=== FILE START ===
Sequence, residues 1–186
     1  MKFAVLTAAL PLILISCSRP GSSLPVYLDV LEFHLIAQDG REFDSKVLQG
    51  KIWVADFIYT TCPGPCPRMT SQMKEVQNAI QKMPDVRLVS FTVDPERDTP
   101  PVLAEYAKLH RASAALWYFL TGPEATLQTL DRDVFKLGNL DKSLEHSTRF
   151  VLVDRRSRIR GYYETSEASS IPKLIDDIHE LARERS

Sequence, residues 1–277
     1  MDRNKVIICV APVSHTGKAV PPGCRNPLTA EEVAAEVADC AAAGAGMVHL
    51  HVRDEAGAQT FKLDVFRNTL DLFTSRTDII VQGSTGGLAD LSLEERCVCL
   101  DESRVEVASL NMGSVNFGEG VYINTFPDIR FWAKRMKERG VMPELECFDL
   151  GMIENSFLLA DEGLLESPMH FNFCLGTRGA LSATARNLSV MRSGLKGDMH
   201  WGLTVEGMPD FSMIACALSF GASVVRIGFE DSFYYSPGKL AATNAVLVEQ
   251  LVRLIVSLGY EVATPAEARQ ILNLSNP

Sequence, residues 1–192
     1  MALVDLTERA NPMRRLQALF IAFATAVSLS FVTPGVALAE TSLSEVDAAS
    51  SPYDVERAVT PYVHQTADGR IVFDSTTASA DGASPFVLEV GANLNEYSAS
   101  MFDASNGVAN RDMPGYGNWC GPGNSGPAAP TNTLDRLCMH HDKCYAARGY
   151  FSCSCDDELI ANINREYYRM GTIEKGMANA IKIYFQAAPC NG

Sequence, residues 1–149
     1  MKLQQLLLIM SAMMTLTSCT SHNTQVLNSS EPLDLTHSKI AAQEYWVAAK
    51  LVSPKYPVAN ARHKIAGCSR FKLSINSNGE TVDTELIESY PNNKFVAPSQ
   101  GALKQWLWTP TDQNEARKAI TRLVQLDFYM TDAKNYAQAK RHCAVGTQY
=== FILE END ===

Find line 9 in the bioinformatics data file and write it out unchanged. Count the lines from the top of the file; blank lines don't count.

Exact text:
   101  DESRVEVASL NMGSVNFGEG VYINTFPDIR FWAKRMKERG VMPELECFDL